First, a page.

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The US and China—more alike than you think

Summary:
Here’s the Financial Times: Caught in the middle is Silicon Valley. Many US technology companies are concerned that China is using unfair and even illicit tactics to get ahead. But there are also rampant fears that the Trump administration’s approach could backfire. When the export controls notice was released, US technology lobbyists in Washington were at pains to explain that they were at risk of losing access to a big market for their new products, and of losing the ability to share information with Chinese researchers, which could help them develop more cutting-edge products. Many policy analysts agree that the US may be in danger of going too far. “It is fair and appropriate for countries to defend their economic crown jewels from foreign exploitation or

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Here’s the Financial Times:

Caught in the middle is Silicon Valley. Many US technology companies are concerned that China is using unfair and even illicit tactics to get ahead. But there are also rampant fears that the Trump administration’s approach could backfire. When the export controls notice was released, US technology lobbyists in Washington were at pains to explain that they were at risk of losing access to a big market for their new products, and of losing the ability to share information with Chinese researchers, which could help them develop more cutting-edge products. Many policy analysts agree that the US may be in danger of going too far.

“It is fair and appropriate for countries to defend their economic crown jewels from foreign exploitation or infringement,” wrote Ryan Hass and Zach Balin of the Brookings Institution in a report this month. But the US needed “to avoid inflicting self-harm”. The “big picture”, they added, was one in which both the US and China were increasing the distance between themselves and the rest of the world on innovation, partly by feeding off each other. (emphasis added)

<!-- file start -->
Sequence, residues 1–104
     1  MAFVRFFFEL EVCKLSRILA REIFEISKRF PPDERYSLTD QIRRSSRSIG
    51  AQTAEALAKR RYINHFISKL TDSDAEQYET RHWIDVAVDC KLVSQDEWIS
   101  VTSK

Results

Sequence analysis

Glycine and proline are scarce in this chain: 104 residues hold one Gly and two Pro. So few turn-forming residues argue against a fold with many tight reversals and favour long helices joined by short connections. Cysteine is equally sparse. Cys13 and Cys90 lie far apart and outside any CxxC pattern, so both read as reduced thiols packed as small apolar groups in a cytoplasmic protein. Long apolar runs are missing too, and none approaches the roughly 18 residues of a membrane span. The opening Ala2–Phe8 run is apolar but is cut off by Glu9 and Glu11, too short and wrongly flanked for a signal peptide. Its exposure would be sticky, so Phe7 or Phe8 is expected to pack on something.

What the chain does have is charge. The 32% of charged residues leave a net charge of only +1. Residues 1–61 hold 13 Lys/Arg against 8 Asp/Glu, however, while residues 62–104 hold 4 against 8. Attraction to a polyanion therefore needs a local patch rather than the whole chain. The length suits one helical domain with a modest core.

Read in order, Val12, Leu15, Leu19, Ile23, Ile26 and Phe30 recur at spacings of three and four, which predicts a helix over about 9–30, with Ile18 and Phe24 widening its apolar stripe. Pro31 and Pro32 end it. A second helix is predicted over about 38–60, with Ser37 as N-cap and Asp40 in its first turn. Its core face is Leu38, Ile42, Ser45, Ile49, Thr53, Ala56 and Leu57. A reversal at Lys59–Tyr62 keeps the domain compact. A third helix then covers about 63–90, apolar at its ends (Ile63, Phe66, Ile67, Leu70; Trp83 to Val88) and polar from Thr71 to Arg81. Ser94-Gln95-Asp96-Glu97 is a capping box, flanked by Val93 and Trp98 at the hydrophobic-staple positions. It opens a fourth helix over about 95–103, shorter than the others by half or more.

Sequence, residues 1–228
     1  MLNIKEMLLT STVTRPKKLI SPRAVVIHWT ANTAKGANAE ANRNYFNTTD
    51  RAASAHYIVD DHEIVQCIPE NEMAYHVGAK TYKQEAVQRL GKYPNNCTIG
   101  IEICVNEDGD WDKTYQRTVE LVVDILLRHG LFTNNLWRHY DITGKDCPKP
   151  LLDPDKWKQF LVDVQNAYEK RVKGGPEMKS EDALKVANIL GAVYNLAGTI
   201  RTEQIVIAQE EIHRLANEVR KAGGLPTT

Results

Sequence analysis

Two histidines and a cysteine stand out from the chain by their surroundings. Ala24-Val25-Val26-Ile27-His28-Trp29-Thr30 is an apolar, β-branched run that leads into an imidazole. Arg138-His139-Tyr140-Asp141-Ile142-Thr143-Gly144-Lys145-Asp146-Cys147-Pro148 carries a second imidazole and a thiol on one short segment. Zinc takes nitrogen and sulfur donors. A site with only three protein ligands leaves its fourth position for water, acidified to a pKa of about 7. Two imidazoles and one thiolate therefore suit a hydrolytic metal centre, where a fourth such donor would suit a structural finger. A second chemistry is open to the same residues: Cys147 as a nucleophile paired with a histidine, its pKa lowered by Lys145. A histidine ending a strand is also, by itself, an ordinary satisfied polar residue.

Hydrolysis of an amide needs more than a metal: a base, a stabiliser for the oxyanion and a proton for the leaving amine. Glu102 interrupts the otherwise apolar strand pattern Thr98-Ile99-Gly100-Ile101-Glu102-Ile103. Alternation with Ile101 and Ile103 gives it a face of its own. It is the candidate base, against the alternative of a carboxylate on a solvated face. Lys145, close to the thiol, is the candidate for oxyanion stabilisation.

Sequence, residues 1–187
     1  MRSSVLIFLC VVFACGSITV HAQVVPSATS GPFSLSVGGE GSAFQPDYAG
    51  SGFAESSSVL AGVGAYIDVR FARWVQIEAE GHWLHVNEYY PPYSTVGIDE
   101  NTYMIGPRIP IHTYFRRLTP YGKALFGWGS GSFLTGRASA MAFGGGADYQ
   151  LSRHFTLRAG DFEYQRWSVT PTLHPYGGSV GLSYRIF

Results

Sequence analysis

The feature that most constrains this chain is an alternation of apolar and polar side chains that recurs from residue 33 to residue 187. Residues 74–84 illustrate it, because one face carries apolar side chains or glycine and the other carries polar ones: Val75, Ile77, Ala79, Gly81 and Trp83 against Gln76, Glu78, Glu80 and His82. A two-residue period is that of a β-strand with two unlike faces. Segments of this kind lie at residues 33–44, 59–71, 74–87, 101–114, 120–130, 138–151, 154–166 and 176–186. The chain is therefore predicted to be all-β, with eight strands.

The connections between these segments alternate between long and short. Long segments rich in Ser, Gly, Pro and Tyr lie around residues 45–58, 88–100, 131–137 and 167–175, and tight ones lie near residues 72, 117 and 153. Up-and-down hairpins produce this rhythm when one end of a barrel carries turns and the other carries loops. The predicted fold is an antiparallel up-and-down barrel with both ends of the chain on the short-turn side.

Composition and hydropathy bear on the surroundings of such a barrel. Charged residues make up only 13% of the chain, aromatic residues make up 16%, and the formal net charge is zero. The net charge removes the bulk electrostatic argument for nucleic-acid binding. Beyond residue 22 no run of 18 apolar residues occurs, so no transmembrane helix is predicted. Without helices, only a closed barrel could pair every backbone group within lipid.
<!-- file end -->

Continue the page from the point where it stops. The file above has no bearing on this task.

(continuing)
In some respects (including certain cultural traits such as embracing creative destruction), the US has a more in common with China than it does with Japan or Europe. Consider the following list of the world’s top 20 internet companies.

The US and China—more alike than you think

In fairness, that list does not include other forms of “tech”, such as biotech or hardware producers like Samsung.  Nonetheless, it’s surprising the extent to which the global internet industry is dominated by firms from America and China (a developing country with a per capita income slightly below that of Mexico.)  Where are Europe and Japan?

I doubt whether the current US trade war with China will have much long run impact—Trump has already shown himself to be a rather ineffective negotiator.  Rather than slow the rise of China, an all out trade war would be more likely to help Europe and Japan catch up to the US.

PS.  When I first met my wife she told me that she thought the US was trying to prevent the rise of China.  I told her that she was wrong.  Recently I admitted to her that she’d been right and I was wrong.

Scott Sumner
Scott B. Sumner is Research Fellow at the Independent Institute, the Director of the Program on Monetary Policy at the Mercatus Center at George Mason University and an economist who teaches at Bentley University in Waltham, Massachusetts. His economics blog, The Money Illusion, popularized the idea of nominal GDP targeting, which says that the Fed should target nominal GDP—i.e., real GDP growth plus the rate of inflation—to better "induce the correct level of business investment". In May 2012, Chicago Fed President Charles L. Evans became the first sitting member of the Federal Open Market Committee (FOMC) to endorse the idea.

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